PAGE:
Book Review: Runaway by Alice Munro

runaway Well-crafted short stories about love, guilt and betrayal

About the Book

Synopsis (courtesy of Goodreads): Alice Munro’s bestselling and rapturously acclaimed Runaway is a book of extraordinary stories about love and its infinite betrayals and surprises, from the title story about a young woman who, though she thinks she wants to, is incapable of leaving her husband, to three stories about a woman named Juliet and the emotions that complicate the lustre of her intimate relationships. In Munro’s hands, the people she writes about – women of all ages and circumstances and their friends, lovers, parents, and children – become as vivid as our own neighbours. It is her miraculous gift to make these stories as real and unforgettable as our own.

Book Facts

  • Format: Hardback
  • Pages: 335
  • Publication date: 2005
  • Genre: Literary, Short Stories

My Review (3.5 out of 5)

Runaway is a collection of short stories published in 2005. My review focuses on three linked stories from the collection – ‘Chance’, ‘Soon’ and ‘Silence’ – which were the inspiration for the 2016 film Julieta, which I will be reviewing separately as part of my From Page to Screen Reading challenge. Spoiler alert: Since the stories follow on from one another, it is impossible to summarise them without giving away key events from earlier stories.

Chance’ introduces us to Juliet, a rather introverted young woman, who is travelling to visit a married man, Eric Porteous, she met in a chance encounter on a train six months earlier. Eric is a fisherman who is caring for his wife paralysed as a result of a car accident. Juliet recalls the circumstances of their meeting following a tragic event which occurred on the train. At the time, her response to Eric’s advances had been confused but now, on the basis of a letter he sent her, she believes there is a chance of something more. Arriving at his house, she finds his wife has died and Eric is staying with a female friend, Christa. Against the wishes of his housekeeper, Ailo, Juliet decides to stay until he returns.

Soon’ is set several years later when Juliet has given birth to a daughter, Penelope. On this occasion she is travelling to her parents’ home. Sara, her mother, is in poor health due to heart trouble. Juliet’s father, Sam, an ex-teacher, is now running a market garden business. Juliet is perturbed to find a third person in the household – Irene – employed to help around the house and garden.   Juliet feels discomfited by Irene, who she feels treats her as if she is an ‘intruder’.   Juliet becomes unsettled by her father’s admiration for Irene and Irene’s influence within the household, wondering about the true nature of their relationship. Sara’s physical frailty makes her dependent on Sam and Irene, unwilling or unable to influence whatever is going on: ‘Irene is – he’s careful of her. She’s very valuable to us, Irene.’   Sara’s mental frailty is clear as well: “When it gets really bad for me – when it gets so bad I – you know what I think then? I think, all right. I think – Soon. Soon I’ll see Juliet.’ Heartbreakingly, Juliet turns away without reply and it is only later that she regrets her failure to respond.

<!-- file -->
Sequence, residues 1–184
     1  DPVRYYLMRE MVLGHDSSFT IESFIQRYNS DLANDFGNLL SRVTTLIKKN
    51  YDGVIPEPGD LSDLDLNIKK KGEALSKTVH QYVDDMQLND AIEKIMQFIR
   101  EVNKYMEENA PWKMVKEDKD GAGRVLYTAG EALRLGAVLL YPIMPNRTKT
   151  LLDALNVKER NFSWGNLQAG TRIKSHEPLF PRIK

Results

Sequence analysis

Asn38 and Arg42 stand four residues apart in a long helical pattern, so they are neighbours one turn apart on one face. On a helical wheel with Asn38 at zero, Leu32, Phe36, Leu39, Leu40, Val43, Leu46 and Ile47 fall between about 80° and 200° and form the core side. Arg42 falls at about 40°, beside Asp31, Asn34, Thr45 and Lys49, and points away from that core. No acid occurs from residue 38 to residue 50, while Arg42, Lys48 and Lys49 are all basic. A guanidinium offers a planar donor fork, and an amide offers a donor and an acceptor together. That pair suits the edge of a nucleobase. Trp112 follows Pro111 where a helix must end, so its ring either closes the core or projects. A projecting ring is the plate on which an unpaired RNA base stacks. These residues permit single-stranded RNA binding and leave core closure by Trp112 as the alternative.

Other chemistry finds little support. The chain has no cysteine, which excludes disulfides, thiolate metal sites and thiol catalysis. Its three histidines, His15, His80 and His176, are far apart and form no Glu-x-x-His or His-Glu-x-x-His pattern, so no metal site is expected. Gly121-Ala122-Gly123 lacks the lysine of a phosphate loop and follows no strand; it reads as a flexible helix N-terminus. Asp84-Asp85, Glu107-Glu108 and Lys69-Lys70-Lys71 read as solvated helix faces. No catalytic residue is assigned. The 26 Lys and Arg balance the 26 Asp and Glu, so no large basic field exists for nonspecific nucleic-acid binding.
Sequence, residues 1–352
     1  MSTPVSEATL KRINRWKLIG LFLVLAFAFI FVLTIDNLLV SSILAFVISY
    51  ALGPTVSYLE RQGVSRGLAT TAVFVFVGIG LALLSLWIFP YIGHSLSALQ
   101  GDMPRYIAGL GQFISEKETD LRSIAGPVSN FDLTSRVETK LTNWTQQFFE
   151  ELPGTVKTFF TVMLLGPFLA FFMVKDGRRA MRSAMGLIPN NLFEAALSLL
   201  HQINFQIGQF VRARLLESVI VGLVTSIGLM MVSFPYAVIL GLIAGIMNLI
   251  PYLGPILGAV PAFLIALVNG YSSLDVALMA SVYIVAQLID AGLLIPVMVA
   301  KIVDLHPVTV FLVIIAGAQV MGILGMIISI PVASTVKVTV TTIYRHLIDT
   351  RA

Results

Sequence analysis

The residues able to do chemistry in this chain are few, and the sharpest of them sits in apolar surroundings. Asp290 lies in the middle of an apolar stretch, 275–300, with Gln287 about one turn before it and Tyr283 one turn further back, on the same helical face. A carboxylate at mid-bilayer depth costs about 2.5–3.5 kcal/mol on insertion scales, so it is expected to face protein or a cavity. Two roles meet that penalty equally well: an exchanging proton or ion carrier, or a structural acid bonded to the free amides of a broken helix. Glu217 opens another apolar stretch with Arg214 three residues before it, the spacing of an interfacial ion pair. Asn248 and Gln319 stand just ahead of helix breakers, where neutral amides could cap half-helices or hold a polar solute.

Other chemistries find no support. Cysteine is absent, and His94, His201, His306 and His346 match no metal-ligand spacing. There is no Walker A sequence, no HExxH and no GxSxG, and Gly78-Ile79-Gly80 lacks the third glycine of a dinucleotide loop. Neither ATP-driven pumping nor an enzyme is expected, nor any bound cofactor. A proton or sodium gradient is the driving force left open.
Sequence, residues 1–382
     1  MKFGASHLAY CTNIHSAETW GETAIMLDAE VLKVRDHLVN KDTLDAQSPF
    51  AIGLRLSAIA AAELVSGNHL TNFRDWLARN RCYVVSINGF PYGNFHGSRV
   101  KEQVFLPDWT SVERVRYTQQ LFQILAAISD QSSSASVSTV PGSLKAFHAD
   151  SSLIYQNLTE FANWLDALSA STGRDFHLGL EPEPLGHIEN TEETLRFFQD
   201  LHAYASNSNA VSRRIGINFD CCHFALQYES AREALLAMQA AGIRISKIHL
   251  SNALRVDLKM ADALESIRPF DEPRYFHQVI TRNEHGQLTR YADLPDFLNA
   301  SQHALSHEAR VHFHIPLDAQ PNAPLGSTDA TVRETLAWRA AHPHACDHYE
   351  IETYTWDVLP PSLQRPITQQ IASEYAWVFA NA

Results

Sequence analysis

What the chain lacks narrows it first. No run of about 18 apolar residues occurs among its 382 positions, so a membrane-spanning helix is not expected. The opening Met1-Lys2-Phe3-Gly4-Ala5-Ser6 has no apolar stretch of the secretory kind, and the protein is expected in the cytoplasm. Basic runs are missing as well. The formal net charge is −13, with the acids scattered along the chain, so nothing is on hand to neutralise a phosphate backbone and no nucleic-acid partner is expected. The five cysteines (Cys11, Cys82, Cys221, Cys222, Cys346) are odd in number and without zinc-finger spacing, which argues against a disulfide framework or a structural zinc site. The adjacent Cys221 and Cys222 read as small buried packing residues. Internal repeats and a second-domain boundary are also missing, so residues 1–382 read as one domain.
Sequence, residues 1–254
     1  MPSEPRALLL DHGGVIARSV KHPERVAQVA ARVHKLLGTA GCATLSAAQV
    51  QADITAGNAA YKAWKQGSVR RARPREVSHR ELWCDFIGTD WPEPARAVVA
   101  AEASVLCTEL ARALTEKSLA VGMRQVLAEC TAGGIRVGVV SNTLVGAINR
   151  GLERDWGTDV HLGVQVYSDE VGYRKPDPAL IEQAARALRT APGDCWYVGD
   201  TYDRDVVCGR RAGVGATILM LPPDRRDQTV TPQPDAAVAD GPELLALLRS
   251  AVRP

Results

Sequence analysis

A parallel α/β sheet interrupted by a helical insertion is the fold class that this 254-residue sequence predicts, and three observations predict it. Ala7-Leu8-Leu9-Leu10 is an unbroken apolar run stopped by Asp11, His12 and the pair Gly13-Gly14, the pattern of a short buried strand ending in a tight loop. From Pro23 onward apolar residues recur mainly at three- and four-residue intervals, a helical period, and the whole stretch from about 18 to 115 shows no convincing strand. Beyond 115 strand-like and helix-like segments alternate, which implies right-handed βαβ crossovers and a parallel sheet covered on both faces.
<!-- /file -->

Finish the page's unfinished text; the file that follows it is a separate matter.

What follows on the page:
Silence’ moves us on almost twenty years. Juliet is again travelling, this time to see her daughter, Penelope, who has been staying on an island retreat for six months. However, when she gets there, Juliet is told her daughter has left and the retreat leader is either unable or unwilling to reveal her whereabouts.   Juliet reflects on what might have caused this breach. She recalls the circumstances of Penelope’s father’s death, which took place while Penelope was at a summer camp. Juliet never revealed the full facts to her daughter – their argument and its causes and his subsequent death in a storm.   Aside from a few birthday cards sent (she presumes by Penelope) on her daughter’s birthday, Juliet hears nothing further from her. However, one day many years later, Juliet runs into one of Penelope’s childhood friends and learns from her that Penelope is living in northern Canada with her five children.

‘She keeps on hoping for a word from Penelope, but not in a strenuous way. She hopes as people who know better hope for underserved blessings, spontaneous remissions, things of that sort.’

Alice Munro is undoubtedly a talented writer and I admired the way these stories were crafted without actually loving them. They have a rather bleak, depressing quality. I also found Juliet a difficult character to empathise or engage with. So much of what happened seemed to stem from her failure to understand and respond to the needs of those around her, such as her daughter, and her guilt at this inaction never provoked her to remedy her omissions.

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In three words: Insightful, poignant, introspective

Try something similar…In A German Pension: 13 Stories by Katherine Mansfield

munroAbout the Author

Alice Munro is a Canadian short-story writer who is widely considered one of the world’s premier fiction writers. Munro is a three-time winner of Canada’s Governor General’s Award for fiction. Her stories focus on human relationships looked at through the lens of daily life. She has thus been referred to as “the Canadian Chekhov”. She is the winner of the 2013 Nobel Prize in Literature.

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